Mumbai: Mounting losses may force Italy’s leading airline Alitalia to pull out from India even as more global carriers begin flying to India and more domestic airlines explore international routes.
Senior executives of the airline could not be reached for comment but a representative at the airline’s reservation office said there are no scheduled Alitalia flights to and from India after March. “There is no formal circular issued by Alitalia indicating the stoppage of flights but there is no schedule updated on the system after March,” added the executive, who asked not to be identified. Alitalia currently operates daily flights to Milan from Mumbai and New Delhi.
The imminent exit of Alitalia comes just over a year after UK’s second largest full service scheduled airline, British Midland Airways or BMI, shut down its Indian operations due to poor passenger response. BMI, a member of the largest operating grouping of global carriers Star Alliance, operated flights on the busy Mumbai-Heathrow segment.
Executives at several travel agencies who did not wish to be named confirmed that Alitalia was pulling out. “Airlines pull out from the services when they make losses. Though there were serious problems in sourcing aircraft and spares, BMI was also suffering losses in its sector,” said an executive at a travel agency. who asked not to be identified.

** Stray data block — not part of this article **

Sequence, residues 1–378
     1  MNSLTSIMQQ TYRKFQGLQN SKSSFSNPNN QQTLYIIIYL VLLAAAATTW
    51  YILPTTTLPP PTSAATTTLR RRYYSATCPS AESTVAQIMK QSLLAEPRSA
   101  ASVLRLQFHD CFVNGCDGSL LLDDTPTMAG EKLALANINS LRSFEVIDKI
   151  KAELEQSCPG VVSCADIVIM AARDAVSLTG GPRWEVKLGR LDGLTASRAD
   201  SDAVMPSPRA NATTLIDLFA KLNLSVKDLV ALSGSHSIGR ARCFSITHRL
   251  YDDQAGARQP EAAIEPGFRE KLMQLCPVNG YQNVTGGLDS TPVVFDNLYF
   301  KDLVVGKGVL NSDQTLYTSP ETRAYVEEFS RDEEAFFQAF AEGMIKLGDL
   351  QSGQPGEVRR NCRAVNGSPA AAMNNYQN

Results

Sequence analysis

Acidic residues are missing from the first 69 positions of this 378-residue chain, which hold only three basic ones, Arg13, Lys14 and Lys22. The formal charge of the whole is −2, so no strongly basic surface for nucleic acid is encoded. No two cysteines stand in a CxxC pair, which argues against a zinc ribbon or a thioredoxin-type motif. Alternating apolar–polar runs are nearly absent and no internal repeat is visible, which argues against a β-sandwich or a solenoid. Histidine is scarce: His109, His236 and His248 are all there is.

In the 12 months to 31 March 2007, airlines operating out of India carried 22.4 million international passengers (up 15.1%). The Centre for Asia Pacific Aviation, a consulting firm, projects that international traffic to and from India will grow at that rate till 2010.
The state-owned Alitalia, run by Linee Aeree Italiane S.p.A, lost nearly $530 million (Rs2,104 crore) in 2007 and has not posted an operating profit since 1998. The carrier, which is in the process of selling assets to infuse cash into its operations, is in talks with Air France-KLM for a merger.
Alitalia’s exit comes at a time when Indian carriers operating international routes, such as Air India (state-owned and operated by National Aviation Co. of India Ltd) and Jet Airways (India) Ltd are expanding their international operations. Kingfisher Airlines Ltd also plans to fly international routes by August.
According to Aniket Mhatre, an analyst with broking firm Prabhudas Lilladher Pvt. Ltd, Alitalia’s withdrawal from India has to do with the airline’s own problems.
“As of now, there is no (profit) margin pressure on international flights. The profitability factor of an international flight is solely dependent on the business model,” Mhatre said.
Wolfgang Prock-Schauer, CEO of Jet Airways, said the exit would not significantly change market dynamics because several other European carriers continue to operate flights to and from India.